Seminar: Soft Optical and Electronic Materials: Development of Conjugated Polymers and Supermolecular Machines
This seminar will be of interest to anyone working in photovoltaics, organic electronics, organic chemistry and supermolecular chemistry.
Friday 12th July, 1pm-2pm, Seminar Room 211, School of Electronic engineering, Dean street
Prof Masaki Horie, Department of Chemical Engineering, National Tsing-Hua University, Taiwan
Donor-acceptor alternating conjugated copolymers are of great interest as these materials show low optical band gap properties leading to the high performances as active materials in organic photovoltaics (OPVs) as well as organic field-effect transistors (OFETs). Despite the high performances of the copolymers, the synthetic scale-up of the material has not been well investigated. This is due to some problematic processes in Suzuki and Stille coupling reactions; Suzuki coupling requires unstable boronic acids; Stille coupling requires toxic tin compounds. In this presentation, we report the synthesis of materials such as PCPDTBT via palladium catalysed direct arylation between cyclopentadithiophene (CPDT) and 4,7-dibromobenzothiadiazole (Br-BT-Br). The polymerisation conditions were optimised, which to afford optimal polymer properties. The use of these polymers in bulk-hetero junction (BHJ) type OPV devices is discussed.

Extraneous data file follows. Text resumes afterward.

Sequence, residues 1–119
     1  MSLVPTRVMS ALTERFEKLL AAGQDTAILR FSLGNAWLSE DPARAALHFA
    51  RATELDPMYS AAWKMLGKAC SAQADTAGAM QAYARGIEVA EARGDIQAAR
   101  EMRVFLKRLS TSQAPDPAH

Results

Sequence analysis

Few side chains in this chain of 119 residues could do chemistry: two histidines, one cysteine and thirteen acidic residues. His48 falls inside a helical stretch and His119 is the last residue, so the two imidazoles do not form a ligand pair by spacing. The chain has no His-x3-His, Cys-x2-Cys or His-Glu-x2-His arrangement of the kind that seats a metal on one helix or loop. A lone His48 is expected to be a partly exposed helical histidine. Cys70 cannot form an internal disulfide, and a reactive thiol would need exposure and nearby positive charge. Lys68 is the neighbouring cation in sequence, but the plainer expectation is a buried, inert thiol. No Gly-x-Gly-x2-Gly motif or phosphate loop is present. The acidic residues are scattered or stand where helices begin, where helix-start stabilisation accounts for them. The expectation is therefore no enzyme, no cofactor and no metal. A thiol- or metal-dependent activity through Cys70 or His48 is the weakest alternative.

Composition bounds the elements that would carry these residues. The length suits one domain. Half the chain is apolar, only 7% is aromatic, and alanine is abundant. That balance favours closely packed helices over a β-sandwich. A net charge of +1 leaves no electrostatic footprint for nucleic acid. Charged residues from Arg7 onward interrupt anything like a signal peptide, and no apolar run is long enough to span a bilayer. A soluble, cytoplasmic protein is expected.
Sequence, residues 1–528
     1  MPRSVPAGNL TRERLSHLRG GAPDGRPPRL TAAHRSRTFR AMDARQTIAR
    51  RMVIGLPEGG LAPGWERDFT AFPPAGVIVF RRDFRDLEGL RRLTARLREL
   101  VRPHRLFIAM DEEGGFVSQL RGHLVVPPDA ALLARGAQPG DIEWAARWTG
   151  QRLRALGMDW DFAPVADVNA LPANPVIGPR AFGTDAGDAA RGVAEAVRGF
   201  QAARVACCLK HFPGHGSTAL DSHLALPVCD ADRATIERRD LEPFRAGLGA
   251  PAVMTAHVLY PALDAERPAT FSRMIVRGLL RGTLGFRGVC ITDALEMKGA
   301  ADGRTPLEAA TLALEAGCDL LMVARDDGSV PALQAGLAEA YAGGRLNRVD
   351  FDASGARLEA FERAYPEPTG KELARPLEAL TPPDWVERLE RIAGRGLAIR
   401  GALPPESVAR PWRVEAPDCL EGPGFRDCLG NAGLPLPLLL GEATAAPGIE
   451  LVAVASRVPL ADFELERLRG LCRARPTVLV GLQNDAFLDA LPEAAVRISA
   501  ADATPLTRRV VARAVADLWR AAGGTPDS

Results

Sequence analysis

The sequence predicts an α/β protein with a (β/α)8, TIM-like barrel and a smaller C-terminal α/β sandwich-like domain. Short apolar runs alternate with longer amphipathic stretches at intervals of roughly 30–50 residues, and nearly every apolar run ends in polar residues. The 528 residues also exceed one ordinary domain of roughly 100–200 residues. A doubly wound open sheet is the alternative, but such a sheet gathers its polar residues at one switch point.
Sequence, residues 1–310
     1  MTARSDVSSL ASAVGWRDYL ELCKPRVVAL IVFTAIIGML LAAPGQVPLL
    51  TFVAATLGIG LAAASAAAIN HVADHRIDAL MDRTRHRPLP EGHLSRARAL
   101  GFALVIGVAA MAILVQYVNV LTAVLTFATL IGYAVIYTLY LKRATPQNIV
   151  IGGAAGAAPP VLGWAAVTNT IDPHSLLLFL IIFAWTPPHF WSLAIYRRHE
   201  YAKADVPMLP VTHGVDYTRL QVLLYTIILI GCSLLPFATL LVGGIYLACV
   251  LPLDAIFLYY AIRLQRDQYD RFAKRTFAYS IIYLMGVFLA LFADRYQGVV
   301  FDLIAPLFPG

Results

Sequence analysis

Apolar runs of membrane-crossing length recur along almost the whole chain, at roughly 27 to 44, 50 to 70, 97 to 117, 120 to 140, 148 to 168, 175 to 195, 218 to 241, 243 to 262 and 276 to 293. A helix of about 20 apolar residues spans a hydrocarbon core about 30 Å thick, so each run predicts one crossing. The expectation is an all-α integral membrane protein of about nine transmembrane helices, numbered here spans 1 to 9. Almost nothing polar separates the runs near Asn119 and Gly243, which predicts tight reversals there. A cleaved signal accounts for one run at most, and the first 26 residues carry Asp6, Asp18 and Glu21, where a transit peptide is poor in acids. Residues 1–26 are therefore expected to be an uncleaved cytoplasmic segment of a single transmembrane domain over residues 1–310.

The second part of this talk is focused on Organometallic supramolecular systems, which exhibit specific optical, electrochemical, and catalytic properties and have been of great interest in supramolecular chemistry. In this context, organometallic moiety in rotaxanes and pseudorotaxanes which are composed of a ring molecule and an axle molecule has been used as redox, catalytic, or photo-harvesting centers. Recently, we discovered a first-order solid-to-solid thermal transition of the pseudorotaxane crystal, which corresponds to partial structural changes of axle molecules in the crystal state. In the presentation, we report a precise structural characterization of the phase transition of the pseudorotaxane crystal using X-ray crystallography. The change in crystal shape and optical anisotropy is also mentioned.
1) S.-W. Chang, H. Waters, J. Kettle, Z.-R. Kuo, C.-H. Li, C.-Y. Yu, M. Horie Macromol. Rapid Commun., 2012, 33, 1927.
2) S.-W. Chang, H. Waters, J. Kettle, M. Horie Org. Electron. 2012, 13, 2967.
3) M. Horie, T. Sassa, D. Hashizume, Y. Suzaki, K. Osakada, T. Wada, Angew. Chem. Int. Ed. 2007, 46, 4983.
4) M. Horie, Y. Suzaki, D. Hashizume, T. Abe, T. Wu, T. Sassa, T. Hosokai, K. Osakada, J. Am. Chem. Soc. 2012, 134, 17932.
5) H. Waters, J. Kettle, S.-W. Changb, C. Su, W. Wu, U. Jeng, Y. Tsai, M. Horie J. Mater. Chem. A, 2013, 1, 7370-7378
Masaki Horie obtained a PhD at Tokyo Institute of Technology working on organometallic supramolecules under the supervision of Prof. Kotaro Osakada. Masaki then moved to RIKEN (The Institute of Physical and Chemical Research) as a special postdoctoral researcher working on crystal optics of supramolecules. In May 2007, he joined The University of Manchester working with Prof. Michael Turner and Prof. Brian Saunders at the Organic Materials Innovation Centre (OMIC). Whilst there he had worked on the hybrid solar cell project using conjugated polymers and inorganic quantum dots. In February 2010, he joined Department of Chemical Engineering at National Hsing Hua University in Taiwan. His research interests are synthesis of conjugated polymers and supermolecular rotaxanes for use in organic opto-electronic devices.
Publication date: 25 June 2013